This Florida Mayor Allegedly Loves Doing Crack And Shooting At Cops
Dale Massad, the recently deposed mayor of Port Richey, Florida pervasively used crack cocaine and crystal methamphetamine during his tenure in office, court records that were publicized Thursday charge.
Massad allegedly exchanged fire with police during a Feb. 21 raid on his home, which resulted in his arrest. Florida GOP Gov. Ron DeSantis suspended him from office the following day.
The Tampa Bay Times obtained legal filings which extensively detail a longstanding investigation into the former mayor. Florida law enforcement began investigating Massad in 2018, after a city official reported him for drug use and possible corruption. Authorities also investigated Massad for unlawfully practicing medicine. Massad was a doctor who was banned from the profession in 1992 for malfeasance.
Those records show that the mayor’s onetime associates say Massad regularly used crack and meth in his home, sometimes as often as five times per week, and dispatched friends to procure drugs for him. He preferred to smoke drugs with a glass pipe or a pipe fashioned from a golf club.
One witness alleged that Massad sometimes bartered for drugs with testosterone hormone. (RELATED: Trump’s Sister Retires As Federal Judge During Probe Of Trump Family Finances)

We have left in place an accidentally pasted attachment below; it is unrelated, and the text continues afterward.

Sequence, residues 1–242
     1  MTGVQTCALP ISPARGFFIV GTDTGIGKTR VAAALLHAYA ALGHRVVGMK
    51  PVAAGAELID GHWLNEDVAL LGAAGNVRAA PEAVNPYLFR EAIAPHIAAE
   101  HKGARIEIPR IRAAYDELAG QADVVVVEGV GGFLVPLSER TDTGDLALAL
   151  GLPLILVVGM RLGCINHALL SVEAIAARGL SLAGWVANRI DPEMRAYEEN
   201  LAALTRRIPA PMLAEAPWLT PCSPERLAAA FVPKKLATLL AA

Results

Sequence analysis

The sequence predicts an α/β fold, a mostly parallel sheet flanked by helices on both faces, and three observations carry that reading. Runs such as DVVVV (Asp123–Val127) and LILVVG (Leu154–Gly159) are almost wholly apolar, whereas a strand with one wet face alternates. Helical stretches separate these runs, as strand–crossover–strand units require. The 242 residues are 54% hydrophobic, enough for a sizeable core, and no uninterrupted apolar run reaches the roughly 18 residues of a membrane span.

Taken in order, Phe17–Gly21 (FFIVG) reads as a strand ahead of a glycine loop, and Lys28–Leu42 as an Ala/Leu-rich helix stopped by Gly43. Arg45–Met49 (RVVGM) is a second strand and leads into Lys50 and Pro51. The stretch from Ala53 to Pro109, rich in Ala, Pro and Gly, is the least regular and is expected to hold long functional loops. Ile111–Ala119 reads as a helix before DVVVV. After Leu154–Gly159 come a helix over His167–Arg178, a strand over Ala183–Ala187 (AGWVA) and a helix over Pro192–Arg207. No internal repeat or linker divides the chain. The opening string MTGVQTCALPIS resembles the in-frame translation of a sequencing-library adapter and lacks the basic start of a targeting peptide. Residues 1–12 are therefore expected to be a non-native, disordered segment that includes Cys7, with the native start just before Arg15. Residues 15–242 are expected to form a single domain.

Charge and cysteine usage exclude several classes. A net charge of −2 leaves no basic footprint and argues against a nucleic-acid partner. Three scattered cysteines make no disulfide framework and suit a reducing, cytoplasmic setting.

Other witness statements claim that the mayor provided medical treatment in his home, dispensing medications to neighbors and performing basic tasks like suturing wounds.
Speaking after Massad’s Feb. 21 arrest, Pasco County Sheriff Chris Nocco said the mayor was lucky to be alive after opening fire on police officers.
“We knew this was going to be a very dangerous situation, which it did turn out to be,” Nocco told reporters. “Our deputies did an unbelievable job. Those deputies were professional, their training kicked in and they did a great job.
“He’s lucky he’s not dead,” he added.
Massad’s successor as mayor, Terrence Rowe, was also arrested after he allegedly conspired to intimidate a police officer connected to Massad’s case. The city has struggled to govern itself since.
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